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ens, contains in a homely way the summing up of its philosophy. "Among other oddities we had a hurdle-race for strangers. One man—he came in second—ran a hundred and twenty yards and leaped over ten hurdles in twenty seconds, with a pipe in his mouth and smoking it all the time. 'If it hadn't been for the pipe,' I said to him at the winning-post, 'you would have been first.' 'I beg your pardon, sir,' he answered, 'but if it hadn't been for my pipe I should have been nowhere."—Gentleman's Magazine.



DR. WILLIAM WHEWELL stands highest in the literary world as the historian of science. His "History of the Inductive Sciences" is not a mere bald narration of the facts and details of scientific progress, but is a philosophical treatment of the subject, which shows the growth and advancement of principles or general truths. It is, in fact, an elaborate historical review of the processes of generalization, such as had never before been attempted. This work stands eminent among the scientific contributions of the past age, both on account of its historic erudition and its trustworthy representation of the broad inductions of modern scientific inquiry. It is a permanent work of reference in every scientific library; and the extent to which it has influenced the philosophical mind of the age is well illustrated by the acknowledgment of John Stuart Mill: that, if Whewell had not written the "History of the Inductive Sciences," the "Logic, Ratio-cinative and Inductive," might never have appeared.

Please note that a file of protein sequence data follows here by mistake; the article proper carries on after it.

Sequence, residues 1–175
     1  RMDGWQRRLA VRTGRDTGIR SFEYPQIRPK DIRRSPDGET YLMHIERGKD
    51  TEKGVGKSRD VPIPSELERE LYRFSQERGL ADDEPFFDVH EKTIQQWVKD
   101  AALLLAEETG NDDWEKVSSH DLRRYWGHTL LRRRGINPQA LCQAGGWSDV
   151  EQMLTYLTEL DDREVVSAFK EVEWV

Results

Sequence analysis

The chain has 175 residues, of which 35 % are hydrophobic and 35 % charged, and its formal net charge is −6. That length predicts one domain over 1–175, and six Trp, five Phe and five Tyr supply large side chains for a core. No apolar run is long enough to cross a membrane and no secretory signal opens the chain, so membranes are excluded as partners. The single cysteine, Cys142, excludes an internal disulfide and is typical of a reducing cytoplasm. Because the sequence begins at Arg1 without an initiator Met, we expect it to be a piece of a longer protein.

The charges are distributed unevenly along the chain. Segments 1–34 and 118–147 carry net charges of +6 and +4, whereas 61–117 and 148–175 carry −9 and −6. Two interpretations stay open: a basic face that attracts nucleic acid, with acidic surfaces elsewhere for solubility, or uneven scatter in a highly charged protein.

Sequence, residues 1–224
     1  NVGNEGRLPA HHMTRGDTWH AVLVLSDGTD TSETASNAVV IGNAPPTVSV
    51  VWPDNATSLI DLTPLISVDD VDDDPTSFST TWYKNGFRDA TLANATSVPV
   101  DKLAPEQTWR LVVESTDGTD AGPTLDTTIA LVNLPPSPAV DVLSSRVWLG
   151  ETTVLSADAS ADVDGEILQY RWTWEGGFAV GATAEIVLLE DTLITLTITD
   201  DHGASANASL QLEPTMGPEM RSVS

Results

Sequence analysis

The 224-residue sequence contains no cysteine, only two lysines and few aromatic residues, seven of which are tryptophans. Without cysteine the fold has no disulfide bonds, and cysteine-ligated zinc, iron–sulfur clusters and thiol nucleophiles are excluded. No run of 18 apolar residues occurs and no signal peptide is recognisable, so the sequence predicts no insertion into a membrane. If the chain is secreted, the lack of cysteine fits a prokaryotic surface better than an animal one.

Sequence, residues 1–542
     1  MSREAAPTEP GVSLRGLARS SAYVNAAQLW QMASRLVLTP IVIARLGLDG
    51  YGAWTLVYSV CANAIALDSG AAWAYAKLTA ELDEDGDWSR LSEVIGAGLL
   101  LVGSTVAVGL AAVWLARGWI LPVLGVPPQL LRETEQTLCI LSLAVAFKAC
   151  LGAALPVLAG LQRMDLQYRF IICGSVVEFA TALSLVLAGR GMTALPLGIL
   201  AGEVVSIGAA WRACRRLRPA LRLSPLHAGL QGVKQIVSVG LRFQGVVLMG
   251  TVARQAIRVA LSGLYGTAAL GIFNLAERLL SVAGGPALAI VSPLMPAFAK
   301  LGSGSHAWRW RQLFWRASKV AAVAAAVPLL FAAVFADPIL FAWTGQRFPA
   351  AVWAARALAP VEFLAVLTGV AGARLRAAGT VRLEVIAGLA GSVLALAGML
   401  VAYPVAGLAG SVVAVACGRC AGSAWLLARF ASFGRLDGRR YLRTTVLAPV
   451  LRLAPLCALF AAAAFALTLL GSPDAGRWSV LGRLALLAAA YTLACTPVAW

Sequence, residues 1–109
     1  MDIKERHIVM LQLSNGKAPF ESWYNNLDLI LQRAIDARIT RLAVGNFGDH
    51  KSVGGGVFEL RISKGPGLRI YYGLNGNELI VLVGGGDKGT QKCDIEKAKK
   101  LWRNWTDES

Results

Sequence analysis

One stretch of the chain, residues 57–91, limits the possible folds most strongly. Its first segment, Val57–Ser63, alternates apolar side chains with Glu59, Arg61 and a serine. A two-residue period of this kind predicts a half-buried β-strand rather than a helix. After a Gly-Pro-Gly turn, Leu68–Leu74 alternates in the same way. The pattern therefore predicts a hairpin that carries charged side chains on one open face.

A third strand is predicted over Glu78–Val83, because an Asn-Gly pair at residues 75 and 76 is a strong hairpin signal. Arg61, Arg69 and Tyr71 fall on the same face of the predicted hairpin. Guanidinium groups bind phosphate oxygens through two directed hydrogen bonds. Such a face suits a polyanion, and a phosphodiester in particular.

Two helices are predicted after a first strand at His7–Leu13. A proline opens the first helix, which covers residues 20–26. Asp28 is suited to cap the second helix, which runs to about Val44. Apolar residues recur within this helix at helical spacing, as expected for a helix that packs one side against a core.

Dr. Whewell was born in Lancaster, May 24, 1794. His father was a joiner, and intended to have his son follow his trade. But while at school he showed such a remarkable talent for mathematics, together with evidences of more than ordinary ability in other branches, that it was decided to send him to Cambridge. He entered Trinity College, as Freshman, in 1813, at the age of nineteen. The following year he distinguished himself by winning the English Poetical Prize. He was graduated B. A. in 1816, with the honors of second wrangler in the Mathematical Tripos, was elected a Fellow, and soon afterward Tutor of Trinity College. He rapidly earned a reputation as a successful teacher, both in the class-room and as "coach," or private tutor.

He applied himself to mathematics and vigorously went to work to bring about a radical reform in the methods of teaching the physical sciences in England. In 1819 he published his first work, "An Elementary Treatise on Mechanics," designed for the use of students of the university. In 1820 he was elected a Fellow of the Royal Society, and we now find him contributing to the "Transactions" of